Every year, my wife and I devote the month of November to convincing our children that, while they sleep, their plastic dinosaur figures come to life.

It began modestly enough. The kids woke up to discover that the dinosaurs had gotten into a box of cereal and made a mess on the kitchen table.

“Can we still have that cereal for breakfast, Daddy?”

The next morning, the dinos had climbed onto the kitchen counter to raid the fruit bowl.

The morning after that, they had managed to breach the refrigerator and help themselves to a carton of eggs. “Uh-oh,” we heard our girls whisper. “Mom and Dad are not going to like this.”

Things quickly escalated from there. More often than not, the dinos’ antics were less than tidy. They are dinosaurs, after all.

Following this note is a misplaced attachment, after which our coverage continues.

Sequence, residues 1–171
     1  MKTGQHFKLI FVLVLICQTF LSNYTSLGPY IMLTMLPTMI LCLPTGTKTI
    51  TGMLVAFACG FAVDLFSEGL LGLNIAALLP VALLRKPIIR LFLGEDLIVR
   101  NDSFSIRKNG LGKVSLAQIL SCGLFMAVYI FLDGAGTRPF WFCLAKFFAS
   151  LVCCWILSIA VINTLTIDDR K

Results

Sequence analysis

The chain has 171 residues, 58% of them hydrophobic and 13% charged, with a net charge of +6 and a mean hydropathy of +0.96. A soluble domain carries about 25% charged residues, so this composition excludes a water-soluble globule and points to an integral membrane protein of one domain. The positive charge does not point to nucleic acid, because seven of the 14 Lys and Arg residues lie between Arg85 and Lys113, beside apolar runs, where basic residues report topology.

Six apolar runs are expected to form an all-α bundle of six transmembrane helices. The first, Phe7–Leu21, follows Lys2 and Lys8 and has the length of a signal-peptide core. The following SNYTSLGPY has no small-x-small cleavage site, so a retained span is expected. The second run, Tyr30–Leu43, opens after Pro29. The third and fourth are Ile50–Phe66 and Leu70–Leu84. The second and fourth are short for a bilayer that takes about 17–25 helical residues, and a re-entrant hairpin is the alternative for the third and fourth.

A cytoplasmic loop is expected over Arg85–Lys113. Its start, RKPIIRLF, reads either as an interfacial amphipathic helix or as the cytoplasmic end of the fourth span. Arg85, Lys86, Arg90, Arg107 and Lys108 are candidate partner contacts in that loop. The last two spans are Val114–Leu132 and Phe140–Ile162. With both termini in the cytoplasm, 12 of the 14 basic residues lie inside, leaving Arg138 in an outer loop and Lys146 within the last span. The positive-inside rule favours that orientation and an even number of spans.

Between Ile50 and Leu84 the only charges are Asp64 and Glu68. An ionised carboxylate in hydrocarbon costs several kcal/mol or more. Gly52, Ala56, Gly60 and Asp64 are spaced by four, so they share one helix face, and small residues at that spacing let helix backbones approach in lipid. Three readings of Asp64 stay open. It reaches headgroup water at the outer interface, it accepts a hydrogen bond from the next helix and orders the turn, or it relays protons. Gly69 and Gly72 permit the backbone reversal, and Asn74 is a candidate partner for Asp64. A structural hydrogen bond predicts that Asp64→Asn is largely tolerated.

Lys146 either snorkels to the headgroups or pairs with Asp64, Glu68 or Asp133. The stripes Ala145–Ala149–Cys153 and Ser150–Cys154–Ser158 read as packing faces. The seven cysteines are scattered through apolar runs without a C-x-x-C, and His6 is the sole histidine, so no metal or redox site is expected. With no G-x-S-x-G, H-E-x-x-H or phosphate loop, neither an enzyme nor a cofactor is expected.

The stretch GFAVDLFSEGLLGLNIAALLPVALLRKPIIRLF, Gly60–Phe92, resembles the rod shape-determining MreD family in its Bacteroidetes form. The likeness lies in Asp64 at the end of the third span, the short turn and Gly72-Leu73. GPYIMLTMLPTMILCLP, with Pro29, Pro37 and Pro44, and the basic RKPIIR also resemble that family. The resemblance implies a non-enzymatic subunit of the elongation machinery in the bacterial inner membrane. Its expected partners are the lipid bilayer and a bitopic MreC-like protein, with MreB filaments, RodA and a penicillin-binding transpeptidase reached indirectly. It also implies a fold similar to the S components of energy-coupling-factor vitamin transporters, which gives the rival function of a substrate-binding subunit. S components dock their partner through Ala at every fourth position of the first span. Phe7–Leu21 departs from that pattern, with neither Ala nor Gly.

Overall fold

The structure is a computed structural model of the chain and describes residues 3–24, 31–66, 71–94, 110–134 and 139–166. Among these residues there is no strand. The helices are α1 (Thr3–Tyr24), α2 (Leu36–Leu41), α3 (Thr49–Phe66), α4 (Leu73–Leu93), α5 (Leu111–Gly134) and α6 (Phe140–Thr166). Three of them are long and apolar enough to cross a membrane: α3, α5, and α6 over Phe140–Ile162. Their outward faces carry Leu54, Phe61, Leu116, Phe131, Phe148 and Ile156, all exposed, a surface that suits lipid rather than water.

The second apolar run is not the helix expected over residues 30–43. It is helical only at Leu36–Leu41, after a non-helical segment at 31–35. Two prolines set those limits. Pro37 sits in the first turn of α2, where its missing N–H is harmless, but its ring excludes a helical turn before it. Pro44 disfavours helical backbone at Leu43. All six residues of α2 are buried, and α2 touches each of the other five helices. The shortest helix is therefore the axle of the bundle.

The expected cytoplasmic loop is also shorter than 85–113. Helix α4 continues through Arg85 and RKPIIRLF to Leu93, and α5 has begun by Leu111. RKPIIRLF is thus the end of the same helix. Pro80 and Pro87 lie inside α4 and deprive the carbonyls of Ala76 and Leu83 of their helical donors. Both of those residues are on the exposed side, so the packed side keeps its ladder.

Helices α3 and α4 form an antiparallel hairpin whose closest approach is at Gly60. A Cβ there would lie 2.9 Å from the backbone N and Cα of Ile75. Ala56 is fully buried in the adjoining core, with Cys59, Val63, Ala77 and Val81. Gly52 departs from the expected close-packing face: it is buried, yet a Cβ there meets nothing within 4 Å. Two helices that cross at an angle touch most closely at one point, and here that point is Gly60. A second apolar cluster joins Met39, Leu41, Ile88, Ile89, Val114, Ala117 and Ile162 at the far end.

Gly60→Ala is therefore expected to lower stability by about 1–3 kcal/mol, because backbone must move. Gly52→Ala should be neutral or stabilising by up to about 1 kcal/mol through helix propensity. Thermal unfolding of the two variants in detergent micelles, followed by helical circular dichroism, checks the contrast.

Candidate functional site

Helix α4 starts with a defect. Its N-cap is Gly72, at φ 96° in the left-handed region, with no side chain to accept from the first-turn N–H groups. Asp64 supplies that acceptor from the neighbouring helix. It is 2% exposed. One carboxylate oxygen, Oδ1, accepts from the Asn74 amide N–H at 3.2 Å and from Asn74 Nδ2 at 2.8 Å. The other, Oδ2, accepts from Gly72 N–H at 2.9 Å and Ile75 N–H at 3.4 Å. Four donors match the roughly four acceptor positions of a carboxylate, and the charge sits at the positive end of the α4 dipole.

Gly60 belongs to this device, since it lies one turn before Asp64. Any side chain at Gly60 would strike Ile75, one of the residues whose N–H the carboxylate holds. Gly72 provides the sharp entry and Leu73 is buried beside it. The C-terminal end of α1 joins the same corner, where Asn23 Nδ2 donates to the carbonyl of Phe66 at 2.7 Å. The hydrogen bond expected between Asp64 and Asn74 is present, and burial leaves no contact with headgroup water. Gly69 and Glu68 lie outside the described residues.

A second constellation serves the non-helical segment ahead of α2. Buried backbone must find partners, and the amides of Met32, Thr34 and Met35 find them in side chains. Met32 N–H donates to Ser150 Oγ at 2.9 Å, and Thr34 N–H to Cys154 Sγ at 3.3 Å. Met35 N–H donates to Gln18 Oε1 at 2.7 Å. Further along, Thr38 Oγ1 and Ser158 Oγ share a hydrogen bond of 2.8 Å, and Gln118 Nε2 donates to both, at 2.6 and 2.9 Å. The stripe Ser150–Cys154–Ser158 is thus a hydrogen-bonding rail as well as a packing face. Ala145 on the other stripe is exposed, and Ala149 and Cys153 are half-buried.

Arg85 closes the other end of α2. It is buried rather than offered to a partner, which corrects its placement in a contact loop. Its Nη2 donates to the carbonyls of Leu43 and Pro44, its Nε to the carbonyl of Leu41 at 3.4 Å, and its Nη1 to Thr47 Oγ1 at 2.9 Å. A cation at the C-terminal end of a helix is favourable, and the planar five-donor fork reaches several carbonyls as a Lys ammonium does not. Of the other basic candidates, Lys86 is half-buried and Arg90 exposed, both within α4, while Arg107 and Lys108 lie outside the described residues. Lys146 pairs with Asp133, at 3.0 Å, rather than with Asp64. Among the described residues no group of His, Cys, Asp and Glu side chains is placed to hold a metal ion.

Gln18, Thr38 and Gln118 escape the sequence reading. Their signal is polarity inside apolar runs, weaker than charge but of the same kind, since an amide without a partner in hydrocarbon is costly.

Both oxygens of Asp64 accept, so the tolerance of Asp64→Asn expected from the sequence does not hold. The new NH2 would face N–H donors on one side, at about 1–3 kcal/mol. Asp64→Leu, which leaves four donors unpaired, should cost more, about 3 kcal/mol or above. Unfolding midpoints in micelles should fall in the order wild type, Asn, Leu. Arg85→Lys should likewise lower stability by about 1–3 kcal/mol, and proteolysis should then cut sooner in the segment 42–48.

“Don’t let Mom and Dad see this—the dinos drew on the wall!”
“Mom’s favorite vase!”
“Mom and Dad, you should really lock the kitchen.”

To be fair, they did clean up after themselves from time to time.

Usually, though, the dinosaurs are just like anybody else—looking to have a good time.

“They made him look like Barney.”
“The dinos are really good at tin-foil, Daddy.”
No toy is safe.

Why do we do this? Because in the age of iPads and Netflix, we don’t want our kids to lose their sense of wonder and imagination. In a time when the answers to all the world’s questions are a web-search away, we want our kids to experience a little mystery. All it takes is some time and energy, creativity, and a few plastic dinosaurs.

Childhood is fleeting, so let’s make sure it’s fun while it lasts.


If you’d like to follow along with Dinovember 2013, join our Facebook page. If you’d like to join in with your own family, post your pics on Twitter or Facebook (set to ‘public’ so we can see them!), using the hashtag #dinovember.